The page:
Knee and leg warmers are one of the most versatile pieces of kit in the road cyclist's locker. Here is our guide to this useful piece of kit
What are leg warmers?
For those new to the sport, leg warmers are designed to be worn with bib shorts. They are intended to be worn underneath your shorts, typically from the mid point of the thigh to the ankle, being typically made from lyrca, with silicone grippers to hold them in place.
Knee warmers are a shorter version of leg warmers, and you guessed it, cover the knee joint, effectively transforming your bib shorts into a 3/4 length short. Although less popular than leg warmers, they can be very useful in certain conditions.
If you ride in a temperate climate with changeable weather, it can often be chilly in the mornings or evenings. Leg warmers give you the option to set out in cold weather while keeping warm.
Once you warm up and the mercury rises, leg warmers can be peeled off and stuffed in your jersey pocket (or team car!). Another popular use is to put a pair of warmers on ahead of a chilly mountain descent.
Why wear leg warmers?
Why not just wear a pair of tights you may be asking? While a pair of tights may do a similar job in chilly conditions, they are nowhere near as versatile.
Living in the UK, the weather can be very changeable. Often you start a ride first thing, feeling a little chilly, with the temperature around 8ºC only to rise.
Having a pair of leg warmers you can peel off and stuff in a jersey pocket is a great option. They are also really useful for riding in the mountains. Ahead of a long, chilly descent a pair of leg warmers can be a godsend. You will often see professional riders warming up in leg warmers, only to take them off before they take to the start line.
What to look for
Quality pairs of cycling leg warmers are ergonomically shaped to accommodate a bent knee, allowing for good freedom of movement and to maximise comfort. With regards to size, we would suggest you opt for the same size you would normally wear for shorts.
More expensive pairs often have a multiple panel construction, with single piece warmers typically being cheaper. Some will feature a zip opening on the ankle to aid taking them off over shoes. Warmers such as Castelli’s NanoFlex have a water repellant coating, although this does wear off over time. Bear in mind that you can apply your own hydrophobic coating to most leg warmers.
Our pick of the best leg warmers
Castelli NanoFlex+ leg warmers
Review score: 9/10
A market leader, the NanoFlex warmers are renowned for providing comfort, warmth and protection from the rain thanks to a water repellent coating. The grippers hold them up without digging in and the fit is close-to-skin. We did find that the water repellent coating didn’t last as long as we’d like, though.
The newest ‘NanoFlex+’ versions have an extra flexible insert running down the back, which provides added flexibility.
Sportful No-Rain Knee Warmers
Using very similar fabric to Castelli’s offering, the NoRain warmers boast nanotechnology which keeps the rain water out without keeping too much heat in. They’re soft, stretchy, and the silicone gripper at the top keeps them in place.
GripGrab Classic leg warmers
Review score: 9/10
Effectively like two seamless tubes of material, these stretchy leg warmers come with no zips to cause irritation.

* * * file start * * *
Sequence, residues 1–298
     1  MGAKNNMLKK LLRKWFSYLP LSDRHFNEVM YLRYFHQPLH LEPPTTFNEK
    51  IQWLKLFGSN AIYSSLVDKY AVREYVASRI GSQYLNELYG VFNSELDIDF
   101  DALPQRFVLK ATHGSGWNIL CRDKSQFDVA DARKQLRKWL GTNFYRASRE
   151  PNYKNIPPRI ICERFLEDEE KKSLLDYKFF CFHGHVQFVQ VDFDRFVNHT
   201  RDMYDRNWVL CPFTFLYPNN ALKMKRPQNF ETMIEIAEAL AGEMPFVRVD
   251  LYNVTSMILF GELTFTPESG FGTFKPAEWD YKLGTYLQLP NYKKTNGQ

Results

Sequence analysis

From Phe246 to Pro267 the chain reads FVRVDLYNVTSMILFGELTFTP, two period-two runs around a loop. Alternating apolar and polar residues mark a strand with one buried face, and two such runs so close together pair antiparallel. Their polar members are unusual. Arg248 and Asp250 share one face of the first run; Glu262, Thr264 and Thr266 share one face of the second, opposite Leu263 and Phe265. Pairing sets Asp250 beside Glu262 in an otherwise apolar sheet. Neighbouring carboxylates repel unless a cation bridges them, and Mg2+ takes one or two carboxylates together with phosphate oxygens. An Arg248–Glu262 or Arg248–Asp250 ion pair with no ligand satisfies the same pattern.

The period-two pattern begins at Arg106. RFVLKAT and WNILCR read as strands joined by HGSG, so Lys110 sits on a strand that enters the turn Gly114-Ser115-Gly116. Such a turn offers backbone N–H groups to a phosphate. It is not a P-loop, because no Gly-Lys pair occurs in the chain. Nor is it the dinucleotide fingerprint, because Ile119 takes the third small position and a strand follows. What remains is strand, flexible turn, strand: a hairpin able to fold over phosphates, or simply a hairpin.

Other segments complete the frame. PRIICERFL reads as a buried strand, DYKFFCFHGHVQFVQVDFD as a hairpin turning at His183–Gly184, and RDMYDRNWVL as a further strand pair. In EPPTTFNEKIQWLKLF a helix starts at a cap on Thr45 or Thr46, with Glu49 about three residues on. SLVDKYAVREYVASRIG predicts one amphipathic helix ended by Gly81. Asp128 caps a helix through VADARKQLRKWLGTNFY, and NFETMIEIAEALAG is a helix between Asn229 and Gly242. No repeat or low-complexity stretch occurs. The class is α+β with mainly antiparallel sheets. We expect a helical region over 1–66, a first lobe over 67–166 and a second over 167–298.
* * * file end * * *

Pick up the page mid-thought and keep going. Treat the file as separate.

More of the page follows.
Not ideal for the coldest of days (though the range now consists of various levels of weight for a range of conditions), we found them great in mild conditions and enjoyed the breathability offered by the light material.
Assos S7 leg warmers
The Assos leg warmers take a different route when compared to most. Rather than using a gripper to hold them in place at the thigh, these travel right up to your hip, and rely upon the lycra in your shorts to hold them in place.
Made from a warm RXQ fabric, the fact that they go right up to the hips also adds to their longevity as they provide almost the same coverage as a pair of winter bib tights. It is worth bearing in mind that they’re not water repellant, however.
Lusso NiteLife Thermal Knee Warmers
Review score: 9/10
If you’re not after full leg warmers, then these knee warmers from Lusso are a good alternative. We found the gripper kept them in place well, and the reflective fabric on the cuff is a nice nod towards visibility.
dhb Regulate Lite knee warmers
Test score: 9/10
You don’t want to pay too much for a set of warmers which are mainly designed for the small window between summer and winter – and you won’t have to with this value option from dhb, at £16.
We found these knee warmers just right for the in-between months, liked the length of them and found the grippers kept them in place well without being uncomfortable.
Dress right for the Autumnal weather
How have we tested the leg warmers?
We have been testing these leg warmers on rides of various lengths in different weather conditions. This has included rides with changeable weather and stuffing them in a jersey in anticipation of long descents from the tops of chilly cols.
All the warmers tested were judged on the following criteria: fit, comfort, thermal insulation, breathability and other features such as water repellency. We also paid close attention as to how well they stayed in place during a ride.
How we score
10 – Superb, best in its class and we couldn’t fault it
9 – Excellent, a slight change and it would be perfect
8 – Brilliant, we’d happily buy it
7 – Solid, but there’s better out there
6 – Pretty good, but not quite hitting the mark
5 – Okay, nothing wrong with it, but nothing special
4 – A few niggles let this down
3 – Disappointing
2 – Poor, approach with caution
1 – Terrible, do not buy this product